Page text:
From an investment standpoint, I would be very reluctant to make any kind of investment positioning predicated upon a binary outcome of a presidential election, of the balance in the Senate, of a certain regulatory development. I think what investors want to look for are those kind of companies that can not only survive but thrive in any kind of political alignment. No company is completely immune from a potential headwind of regulations heading against them, but some companies are in greater control of their own destiny than others. And that's what we've positioned our clients. It's not that politics is unimportant to those companies, it's just less of a part of the investment analysis.

MYLES UDLAND: And you know, Kathy, Scott's talking about this return to a fundamental type backdrop. So then maybe let's fast forward a couple quarters and we're sitting here in 2021 and we're trying to think through where fixed income can fit in portfolios with 75 basis points on the 10-year, you know, you're getting basically nothing from AAA corporate, depending on the kind of company. What sort of role is fixed income to play in a portfolio over the next decade, where we've seen so much crowding into a few areas that are higher risk that have been working, might not work forever? And I think there's a lot of questions. You know, 60-40 is dead apparently, right? We hear that. We hear that one all the time.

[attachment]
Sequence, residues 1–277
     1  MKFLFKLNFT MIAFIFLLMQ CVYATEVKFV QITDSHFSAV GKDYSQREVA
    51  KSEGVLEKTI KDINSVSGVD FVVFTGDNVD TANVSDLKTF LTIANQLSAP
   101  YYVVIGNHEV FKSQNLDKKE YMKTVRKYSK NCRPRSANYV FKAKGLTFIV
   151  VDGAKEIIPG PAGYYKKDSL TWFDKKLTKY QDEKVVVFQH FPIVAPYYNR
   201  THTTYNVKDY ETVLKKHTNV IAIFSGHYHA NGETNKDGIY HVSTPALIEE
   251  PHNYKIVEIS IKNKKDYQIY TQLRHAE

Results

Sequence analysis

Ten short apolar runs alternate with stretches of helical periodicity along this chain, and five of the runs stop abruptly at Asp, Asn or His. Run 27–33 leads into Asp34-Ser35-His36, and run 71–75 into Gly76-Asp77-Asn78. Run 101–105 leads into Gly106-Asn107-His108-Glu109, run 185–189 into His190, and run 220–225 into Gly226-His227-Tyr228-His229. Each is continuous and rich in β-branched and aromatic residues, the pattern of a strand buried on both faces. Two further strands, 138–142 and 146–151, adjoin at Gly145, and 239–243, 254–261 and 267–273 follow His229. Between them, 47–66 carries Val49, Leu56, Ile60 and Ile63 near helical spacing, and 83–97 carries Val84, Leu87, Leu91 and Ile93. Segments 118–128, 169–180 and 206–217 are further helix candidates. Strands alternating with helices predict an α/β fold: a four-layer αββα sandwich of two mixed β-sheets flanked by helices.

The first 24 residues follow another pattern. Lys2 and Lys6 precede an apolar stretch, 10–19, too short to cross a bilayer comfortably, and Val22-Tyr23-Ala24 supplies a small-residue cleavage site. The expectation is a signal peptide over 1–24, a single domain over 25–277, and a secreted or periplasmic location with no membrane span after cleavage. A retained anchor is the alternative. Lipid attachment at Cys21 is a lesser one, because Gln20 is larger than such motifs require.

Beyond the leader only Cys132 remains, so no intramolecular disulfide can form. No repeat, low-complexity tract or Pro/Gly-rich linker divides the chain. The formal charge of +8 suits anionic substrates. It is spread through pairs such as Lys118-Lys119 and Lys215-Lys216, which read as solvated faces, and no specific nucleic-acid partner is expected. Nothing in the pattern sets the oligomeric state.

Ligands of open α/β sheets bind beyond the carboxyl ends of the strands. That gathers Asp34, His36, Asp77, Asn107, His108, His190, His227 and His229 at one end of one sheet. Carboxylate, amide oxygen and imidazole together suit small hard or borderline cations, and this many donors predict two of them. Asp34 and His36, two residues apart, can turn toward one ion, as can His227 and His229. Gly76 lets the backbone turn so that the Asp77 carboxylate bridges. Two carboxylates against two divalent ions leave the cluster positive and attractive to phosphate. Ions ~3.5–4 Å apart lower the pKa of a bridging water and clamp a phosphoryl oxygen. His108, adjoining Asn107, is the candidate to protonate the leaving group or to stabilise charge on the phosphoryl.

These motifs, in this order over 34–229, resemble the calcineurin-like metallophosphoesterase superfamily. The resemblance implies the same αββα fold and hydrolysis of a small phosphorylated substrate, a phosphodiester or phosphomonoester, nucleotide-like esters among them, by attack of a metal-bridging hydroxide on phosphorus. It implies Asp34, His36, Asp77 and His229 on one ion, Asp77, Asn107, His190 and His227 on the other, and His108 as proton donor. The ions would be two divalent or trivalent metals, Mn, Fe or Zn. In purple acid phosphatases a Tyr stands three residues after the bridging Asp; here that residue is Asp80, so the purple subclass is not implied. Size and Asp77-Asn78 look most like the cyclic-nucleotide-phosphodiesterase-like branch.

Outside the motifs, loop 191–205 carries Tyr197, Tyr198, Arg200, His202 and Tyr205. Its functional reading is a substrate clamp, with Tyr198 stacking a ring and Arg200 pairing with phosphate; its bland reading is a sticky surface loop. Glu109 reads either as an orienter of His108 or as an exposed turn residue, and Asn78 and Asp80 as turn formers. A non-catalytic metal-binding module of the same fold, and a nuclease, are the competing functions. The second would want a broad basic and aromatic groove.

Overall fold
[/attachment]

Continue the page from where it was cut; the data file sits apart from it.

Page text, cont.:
KATHY JONES: We do hear that all the time. And I think people confuse two factors here. There's the expected return, which clearly is low if yields are low. So in fixed income in general, you know, you take the current yield, project it forward, or the yield to maturity, and that's going to be the basis of your expected return. So we know that's lower. But it's also, on our calculations, lower for other asset classes as well.

So that's one component. But the other is diversification. And I really think that people have gone way overboard in saying bonds no longer provide diversification from stocks. You're hard pressed to look at any period when you've seen a significant decline in the stock market, 15%, 20% or more, that you haven't seen fixed income rally.